LibraryReads Make Great Listens
Awards & Recognition, Collection Development, Video July LibraryReads Picks on Audio are Written by Library Lovers

Librarians love these authors—and these authors love them right back! Listen to clips from the audiobook editions of the LibraryReads July 2015 picks (chosen by librarians from around the country), and hear why these top titles make great listens. Plus, check out videos of authors J. Ryan Stradal, Paula McLain, and Kathy Reichs declaring their love and gratitude for libraries and the librarians in their lives.

If you work at a library and would like to get involved in the LibraryReads program, learn how to nominate titles and vote for your favorites here.

LibraryReads #1 Pick and Favorite for July: KITCHENS OF THE GREAT MIDWEST
By J. Ryan Stradal
Read by Amy Ryan and Michael Stuhlbarg


LibraryReads review: “This novel is quirky and colorful. The story revolves around chef Eva Thorvald and the people who influence her life and her cooking. With well-drawn characters and mouthwatering descriptions of meals, Kitchens of the Great Midwest will appeal to readers who like vivid storytelling. Foodies will also enjoy this delicious tale.”—Anbolyn Potter, Chandler Public Library, Chandler, AZ

Debut author J. Ryan Stradal on how librarians inspired him to volunteer with children:

Thank you to all of the librarians here for making me what I am today. I volunteer with kids, back in L.A., and I know the effect of a concerned adult on an imaginative child. And for ten years I’ve been volunteering with kids largely because of the adults who affected my life as a kid, and it all started with librarians. And I think about it every day. My life wouldn’t be the same without it.

Watch the full video of J. Ryan Stradal speaking at the 2015 Penguin Random House BEA Librarian Breakfast (which includes a hilarious anecdote about librarians encouraging his oddball fascination with President Millard Fillmore):

By Paula McLain
Read by Katharine McEwan

Also Available in Large Print


LibraryReads review: “I couldn’t stop reading this fascinating portrayal of Beryl Markham, a complex and strong-willed woman who fought to make her way in the world on her terms. McLain paints a captivating portrait of Africa in the 1920s and the life of expats making their home there. Highly, highly recommended.”—Halle Eisenman, Beaufort County Library, Hilton Head, SC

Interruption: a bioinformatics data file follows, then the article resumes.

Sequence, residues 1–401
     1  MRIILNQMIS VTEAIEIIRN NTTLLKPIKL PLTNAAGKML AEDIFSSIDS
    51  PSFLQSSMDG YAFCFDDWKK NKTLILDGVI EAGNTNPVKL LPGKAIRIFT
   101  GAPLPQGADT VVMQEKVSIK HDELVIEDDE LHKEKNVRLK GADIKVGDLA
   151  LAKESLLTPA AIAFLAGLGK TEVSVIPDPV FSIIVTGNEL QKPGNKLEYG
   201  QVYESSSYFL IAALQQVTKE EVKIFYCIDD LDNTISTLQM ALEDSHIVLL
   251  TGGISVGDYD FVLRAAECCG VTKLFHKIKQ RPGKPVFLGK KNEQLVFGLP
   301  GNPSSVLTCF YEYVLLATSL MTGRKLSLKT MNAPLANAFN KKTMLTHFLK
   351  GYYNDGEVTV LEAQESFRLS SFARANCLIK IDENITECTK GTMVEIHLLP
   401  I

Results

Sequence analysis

Paula McLain, author of the beloved historical fiction novel The Paris Wife, on how librarians helped her through a difficult childhood:

I’ve actually always been indebted to librarians. I don’t know if you know this; I grew up in foster care in California, so basically spending fourteen years bouncing through the California foster care system, which is a really difficult way to grow up. By the time I reached second grade, I could not bear making friends only to lose them again. So I decided, judiciously I think, that I would only be friends with librarians. And so I ate my lunch in the library, and developed relationships, even in second grade, so my librarians always knew what I loved.

Watch the full video of Paula McLain speaking at the 2015 Penguin Random House BEA Librarian Breakfast:

By Kathy Reichs
Read by Katherine Borowitz
Also Available in Large Print


LibraryReads review: “This book lives up to the expectations we have for Kathy Reichs. A compelling and dangerous mystery, lots of medical details, and good characterization make this a title that will be easy to recommend!”—Leslie Johnson, Jefferson County Public Library, Lakewood, CO

Kathy Reichs, forensic anthropologist and author of the bestselling Temperance Brennan series (on which the television show Bones is based), on the help she receives from librarians when she’s researching and writing her novels:

I constantly access resources in the library as I’m writing both my Tory Brennan books and my Temperance Brennan books. I will pick up the phone and actually talk to a librarian. They’re amazing at locating resources that I’m unable to find by myself. They dig up the most amazing things that often trigger new ideas in my writing that I hadn’t even anticipated.

Watch the full American Library Association video of Kathy Reichs talking about libraries:

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